Read More: Barry Pederson, Claude Julien, Gregory Campbell, Kaspars Daugavins
A look at every (realistic) scenario to replace Gregory Campbell in Bruins lineup 06.06.13 at 2:17 pm ET
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With Gregory Campbell done for the season with a broken right leg, the Bruins have some decisions to make as they go about addressing their lineup.

Of their four options — Kaspars Daugavins, Jordan Caron, Carl Soderberg and Jay Pandolfo — all but Soderberg present them with multiple moves that would need to be made to fill Campbell’s role at center. That means that either Rich Peverley or Chris Kelly could be looking at moving down to center the fourth line. It’s also worth noting that the B’s might want to consider someone who can take Campbell’s role on the penalty kill.

Soderberg is the only option of the four who can play center, while the other three can kill penalties. The guess here is that it will be Daugavins or Caron. And before we jump into the case for each player, don’t even think about Tyler Seguin moving to center. It’s not happening because he — at this point at least — can’t play the position in the NHL.

Here’s a look at Claude Julien‘s options and how the bottom six forwards look with them in:

KASPARS DAUGAVINS

Last game played: May 1

Why he would make sense: Can kill penalties, has played a game thus far in the postseason.

Why he wouldn’t make sense: Not a center. Hasn’t been overly impressive in his brief time in Boston’s lineup. More turnovers than you’d expect from a defensive-minded forward.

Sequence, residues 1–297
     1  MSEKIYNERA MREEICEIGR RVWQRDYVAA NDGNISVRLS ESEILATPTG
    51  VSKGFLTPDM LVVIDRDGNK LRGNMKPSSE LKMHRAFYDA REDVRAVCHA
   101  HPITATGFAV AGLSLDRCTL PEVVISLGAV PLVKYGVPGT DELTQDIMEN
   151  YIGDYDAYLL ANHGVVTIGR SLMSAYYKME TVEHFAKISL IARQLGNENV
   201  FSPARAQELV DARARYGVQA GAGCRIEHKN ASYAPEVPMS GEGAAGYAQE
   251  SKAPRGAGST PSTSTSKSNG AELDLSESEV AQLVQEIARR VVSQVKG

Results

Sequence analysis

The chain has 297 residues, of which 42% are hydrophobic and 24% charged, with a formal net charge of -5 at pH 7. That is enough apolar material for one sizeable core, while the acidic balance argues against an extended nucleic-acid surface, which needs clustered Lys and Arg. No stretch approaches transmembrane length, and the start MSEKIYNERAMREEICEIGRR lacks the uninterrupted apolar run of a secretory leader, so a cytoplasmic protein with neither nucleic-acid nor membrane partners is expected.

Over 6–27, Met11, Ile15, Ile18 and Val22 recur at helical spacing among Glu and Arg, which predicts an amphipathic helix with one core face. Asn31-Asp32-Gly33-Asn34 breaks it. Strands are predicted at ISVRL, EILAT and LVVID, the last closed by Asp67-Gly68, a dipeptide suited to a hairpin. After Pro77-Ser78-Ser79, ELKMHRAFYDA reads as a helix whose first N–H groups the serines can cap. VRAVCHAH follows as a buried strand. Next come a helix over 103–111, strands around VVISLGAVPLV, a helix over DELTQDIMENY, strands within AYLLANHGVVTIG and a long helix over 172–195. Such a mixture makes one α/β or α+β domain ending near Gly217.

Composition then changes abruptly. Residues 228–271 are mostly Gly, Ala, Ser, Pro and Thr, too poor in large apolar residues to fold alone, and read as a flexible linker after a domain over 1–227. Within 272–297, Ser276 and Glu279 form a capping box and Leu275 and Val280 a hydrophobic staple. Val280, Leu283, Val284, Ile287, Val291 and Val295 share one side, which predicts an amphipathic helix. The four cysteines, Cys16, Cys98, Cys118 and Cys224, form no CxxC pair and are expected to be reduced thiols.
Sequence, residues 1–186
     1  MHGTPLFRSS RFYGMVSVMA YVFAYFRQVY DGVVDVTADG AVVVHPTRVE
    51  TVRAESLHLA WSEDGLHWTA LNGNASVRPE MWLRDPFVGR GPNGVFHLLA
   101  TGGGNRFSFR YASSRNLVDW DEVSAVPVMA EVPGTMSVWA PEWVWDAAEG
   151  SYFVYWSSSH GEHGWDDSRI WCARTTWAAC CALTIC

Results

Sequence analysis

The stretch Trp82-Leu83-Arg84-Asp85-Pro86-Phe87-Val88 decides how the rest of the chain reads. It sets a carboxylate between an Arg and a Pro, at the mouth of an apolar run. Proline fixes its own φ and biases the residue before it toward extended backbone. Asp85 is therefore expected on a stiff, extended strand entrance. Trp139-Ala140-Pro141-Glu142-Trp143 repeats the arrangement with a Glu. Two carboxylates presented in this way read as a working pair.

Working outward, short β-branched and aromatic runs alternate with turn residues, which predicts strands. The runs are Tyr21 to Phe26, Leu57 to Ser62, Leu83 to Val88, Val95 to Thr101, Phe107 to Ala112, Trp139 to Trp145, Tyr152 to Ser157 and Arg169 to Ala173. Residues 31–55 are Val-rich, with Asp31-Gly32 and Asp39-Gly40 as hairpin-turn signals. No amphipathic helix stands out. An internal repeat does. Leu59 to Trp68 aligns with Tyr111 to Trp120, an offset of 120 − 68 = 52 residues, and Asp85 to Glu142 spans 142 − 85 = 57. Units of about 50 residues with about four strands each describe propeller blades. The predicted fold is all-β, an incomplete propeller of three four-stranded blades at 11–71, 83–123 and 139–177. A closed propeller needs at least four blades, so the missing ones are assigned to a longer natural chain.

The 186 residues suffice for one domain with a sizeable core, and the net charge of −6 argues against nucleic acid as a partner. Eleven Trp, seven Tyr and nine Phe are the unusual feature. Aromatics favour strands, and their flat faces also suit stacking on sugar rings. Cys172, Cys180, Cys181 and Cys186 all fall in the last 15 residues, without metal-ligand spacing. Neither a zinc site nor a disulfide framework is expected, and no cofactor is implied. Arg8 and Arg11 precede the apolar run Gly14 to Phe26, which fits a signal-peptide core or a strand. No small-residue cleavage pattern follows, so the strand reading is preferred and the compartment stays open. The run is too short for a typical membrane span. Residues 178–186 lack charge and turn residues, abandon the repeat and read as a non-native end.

What the bottom six would look like with him:

Paille – Kelly – Seguin
Daugavins – Peverley – Thornton

OR

Daugavins – Kelly – Seguin
Paille – Peverley – Thornton

OR

Paille – Peverley – Seguin
Daugavins – Kelly – Thornton

OR

Daugavins – Peverley – Seguin
Paille – Kelly – Thornton

JORDAN CARON

Last game played: May 22 (for Providence)

Why he would make sense: He’s played the most recently of the Bruins’ options and doesn’t make mistakes. He also kills penalties.

Why he wouldn’t make sense: Putting him in would mean making multiple moves as far as shuffling the lineup goes.

What the bottom six would look like with him:

Paille – Kelly – Seguin
Caron – Peverley – Thornton

OR

Caron – Kelly – Seguin
Paille – Peverley – Thornton

OR

Paille – Peverley – Seguin
Caron – Kelly – Thornton

OR

Caron – Peverley – Seguin
Paille – Kelly – Thornton

CARL SODERBERG

Last game played: April 28

Why he would make sense: Of the options, he’s the only center. You could plug him into Campbell’s spot on the fourth line and not have to make any further changes to the 5-on-5 lineup.

Why he wouldn’t make sense: Lack of experience and the fact that he doesn’t kill penalties. He’s played just six career NHL games, and though he’s had lots of time to get used to the smaller ice in practice, having him figure out the NHL in the playoffs would be a bit risky.

What the bottom six would look like with him:

Peverley – Kelly – Seguin
Paille – Soderberg – Thornton

JAY PANDOLFO

Last game played: April 6

Why he would make sense: Has played 131 career playoff games, can kill penalties.

Why he wouldn’t make sense: Has been out of the lineup for a long, long time. Part of the reason the Bruins played Torey Krug over Aaron Johnson is because Johnson had been out of game action for so long.

What the bottom six would look like with him:

Paille – Kelly – Seguin
Pandolfo – Peverley – Thornton

OR

Paille – Peverley – Seguin
Pandolfo – Kelly – Thornton

Read More: Carl Soderberg, Gregory Campbell, Jay Pandolfo, Jordan Caron
Claude Julien mum on lineup with Gregory Campbell out at 1:50 pm ET
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Bruins coach Claude Julien was tight-lipped when it came to who might enter the lineup in light of Gregory Campbell’s season-ending broken leg. The team will have to choose between Kaspars Daugavins, Jordan Caron, Carl Soderberg and Jay Pandolfo, but Julien declined to share the team’s intentions.

The one thing Julien was clear about was remaining a deep team despite losing Campbell, who centers the fourth line and is a key penalty killer. It was on the penalty kill that he broke his leg, laying out to block an Evgeni Malkin shot in the second period.